Also on Friday, the province of Ontario declared a state of emergency, citing the bridge blockade and another protracted protest in Ottawa. Premier Doug Ford said Friday his cabinet would issue orders that would establish steep fines for demonstrators who block trade corridors such as highways and airports, and give authorities the power to revoke the driver’s licenses of protesters in Ottawa and at the Ambassador Bridge.

One lane of the bridge had been open for drivers from Canada to head to the U.S., although the bridge operator has said traffic levels are sharply reduced.

Windsor Mayor

Drew Dilkens

said law-enforcement officials are coordinating on how best to enforce the injunction. He provided no details on a timeline.

“There is a segment of our population who feel left behind as we have collectively fought this virus,” the mayor said of the protesters. “To that end, as a nation, it is clear that we have a lot of healing to do.”

The protesters in Windsor and Ottawa have vowed to stay until Canada dropped all Covid-19 vaccine mandates. Some of the protesters in Windsor said they were inspired by the demonstration in Ottawa, which is now 15 days old and has disrupted the lives of the capital’s residents.

“What started as a local protest has escalated into a national emergency”

— Goldy Hyder, president, Business Council of Canada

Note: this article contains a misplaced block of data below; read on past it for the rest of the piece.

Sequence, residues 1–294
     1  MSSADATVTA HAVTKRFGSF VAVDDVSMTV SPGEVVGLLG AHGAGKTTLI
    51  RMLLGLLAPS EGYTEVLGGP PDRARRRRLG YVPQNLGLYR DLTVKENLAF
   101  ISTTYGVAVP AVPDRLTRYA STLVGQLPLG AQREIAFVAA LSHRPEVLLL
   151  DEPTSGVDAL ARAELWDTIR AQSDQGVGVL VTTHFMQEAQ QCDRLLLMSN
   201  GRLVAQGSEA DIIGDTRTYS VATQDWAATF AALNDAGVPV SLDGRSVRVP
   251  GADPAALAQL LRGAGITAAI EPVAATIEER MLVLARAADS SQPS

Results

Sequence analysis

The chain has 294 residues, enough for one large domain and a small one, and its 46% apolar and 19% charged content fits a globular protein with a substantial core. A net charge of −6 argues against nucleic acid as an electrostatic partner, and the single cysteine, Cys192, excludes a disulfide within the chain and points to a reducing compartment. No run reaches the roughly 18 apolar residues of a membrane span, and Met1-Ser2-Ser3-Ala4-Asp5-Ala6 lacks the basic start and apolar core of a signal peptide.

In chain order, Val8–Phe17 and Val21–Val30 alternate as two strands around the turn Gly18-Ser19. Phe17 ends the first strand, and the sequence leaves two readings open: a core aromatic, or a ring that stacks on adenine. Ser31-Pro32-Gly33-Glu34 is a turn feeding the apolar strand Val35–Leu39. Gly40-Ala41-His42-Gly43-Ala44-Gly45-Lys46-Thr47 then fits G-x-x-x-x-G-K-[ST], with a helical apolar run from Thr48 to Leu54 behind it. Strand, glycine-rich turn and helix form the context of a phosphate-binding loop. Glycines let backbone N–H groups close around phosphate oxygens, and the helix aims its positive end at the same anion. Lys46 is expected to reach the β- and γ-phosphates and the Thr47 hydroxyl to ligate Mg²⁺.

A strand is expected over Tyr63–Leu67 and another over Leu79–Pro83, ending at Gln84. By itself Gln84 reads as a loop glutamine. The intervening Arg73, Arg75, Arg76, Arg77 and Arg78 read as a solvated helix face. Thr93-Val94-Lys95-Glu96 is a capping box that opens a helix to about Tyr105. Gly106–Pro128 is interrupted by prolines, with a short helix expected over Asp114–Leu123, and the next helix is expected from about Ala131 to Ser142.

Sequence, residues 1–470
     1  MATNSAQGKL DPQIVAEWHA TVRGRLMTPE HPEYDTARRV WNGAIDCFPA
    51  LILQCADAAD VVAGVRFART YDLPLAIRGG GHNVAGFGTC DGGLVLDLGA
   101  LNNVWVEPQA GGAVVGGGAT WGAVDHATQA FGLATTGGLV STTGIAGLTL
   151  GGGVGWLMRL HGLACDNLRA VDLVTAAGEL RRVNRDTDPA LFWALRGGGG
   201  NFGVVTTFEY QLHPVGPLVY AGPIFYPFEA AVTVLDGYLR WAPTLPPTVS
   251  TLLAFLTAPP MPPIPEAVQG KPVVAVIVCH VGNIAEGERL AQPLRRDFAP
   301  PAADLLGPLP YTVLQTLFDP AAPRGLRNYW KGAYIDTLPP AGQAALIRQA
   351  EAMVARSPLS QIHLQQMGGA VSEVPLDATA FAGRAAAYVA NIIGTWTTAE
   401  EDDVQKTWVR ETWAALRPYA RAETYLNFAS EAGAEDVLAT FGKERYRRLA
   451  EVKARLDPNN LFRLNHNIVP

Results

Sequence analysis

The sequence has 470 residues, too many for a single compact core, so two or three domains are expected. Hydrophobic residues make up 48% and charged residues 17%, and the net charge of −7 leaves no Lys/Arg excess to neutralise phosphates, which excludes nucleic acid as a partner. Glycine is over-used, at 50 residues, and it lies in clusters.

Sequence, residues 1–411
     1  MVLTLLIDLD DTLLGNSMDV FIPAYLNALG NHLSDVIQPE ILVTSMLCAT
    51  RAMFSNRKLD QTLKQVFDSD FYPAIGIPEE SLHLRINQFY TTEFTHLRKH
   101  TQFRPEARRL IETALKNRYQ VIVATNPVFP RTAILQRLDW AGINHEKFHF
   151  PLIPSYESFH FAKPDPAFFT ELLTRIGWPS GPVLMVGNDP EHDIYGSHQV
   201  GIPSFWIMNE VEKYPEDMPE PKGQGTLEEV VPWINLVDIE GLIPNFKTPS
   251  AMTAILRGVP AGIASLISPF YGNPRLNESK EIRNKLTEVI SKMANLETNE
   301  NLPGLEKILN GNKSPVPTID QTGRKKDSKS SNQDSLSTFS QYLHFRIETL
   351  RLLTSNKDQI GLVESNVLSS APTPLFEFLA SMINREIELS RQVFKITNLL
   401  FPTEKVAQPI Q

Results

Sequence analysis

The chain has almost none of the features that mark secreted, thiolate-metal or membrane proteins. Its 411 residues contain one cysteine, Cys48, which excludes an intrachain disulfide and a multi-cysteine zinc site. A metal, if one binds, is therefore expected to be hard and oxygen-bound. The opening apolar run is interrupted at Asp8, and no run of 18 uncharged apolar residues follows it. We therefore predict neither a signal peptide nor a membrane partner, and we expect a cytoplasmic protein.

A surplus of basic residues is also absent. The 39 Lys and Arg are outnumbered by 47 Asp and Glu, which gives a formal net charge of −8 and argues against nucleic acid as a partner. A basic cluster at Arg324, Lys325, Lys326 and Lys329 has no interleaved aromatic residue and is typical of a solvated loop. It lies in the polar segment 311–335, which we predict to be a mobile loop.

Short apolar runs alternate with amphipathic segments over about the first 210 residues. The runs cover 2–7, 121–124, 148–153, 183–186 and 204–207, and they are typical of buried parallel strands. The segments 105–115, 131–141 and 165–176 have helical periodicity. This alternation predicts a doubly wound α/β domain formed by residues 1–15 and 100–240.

The biggest business groups in the U.S. and Canada demanded Thursday that Canadian Prime Minister

Justin Trudeau

move to clear the demonstration. Concern grew about the economic ramifications, especially supply-chain strains, from the protests in Canada.

“We respectfully urge the Canadian government to act swiftly to address the disruption to the flow of trade and its impact on manufacturers and other businesses on both sides of the border,” the U.S. Chamber of Commerce, National Association of Manufacturers and the Business Roundtable said in a statement. late Thursday.

Protesters gathered on Thursday at the foot of the Ambassador Bridge in Windsor, Ontario.


Cole Burston/Getty Images

Mr. Trudeau said Friday that the border “cannot and will not remain closed” and called on protesters to leave, saying they are taking the risk of getting a criminal record or having their drivers’ licenses revoked.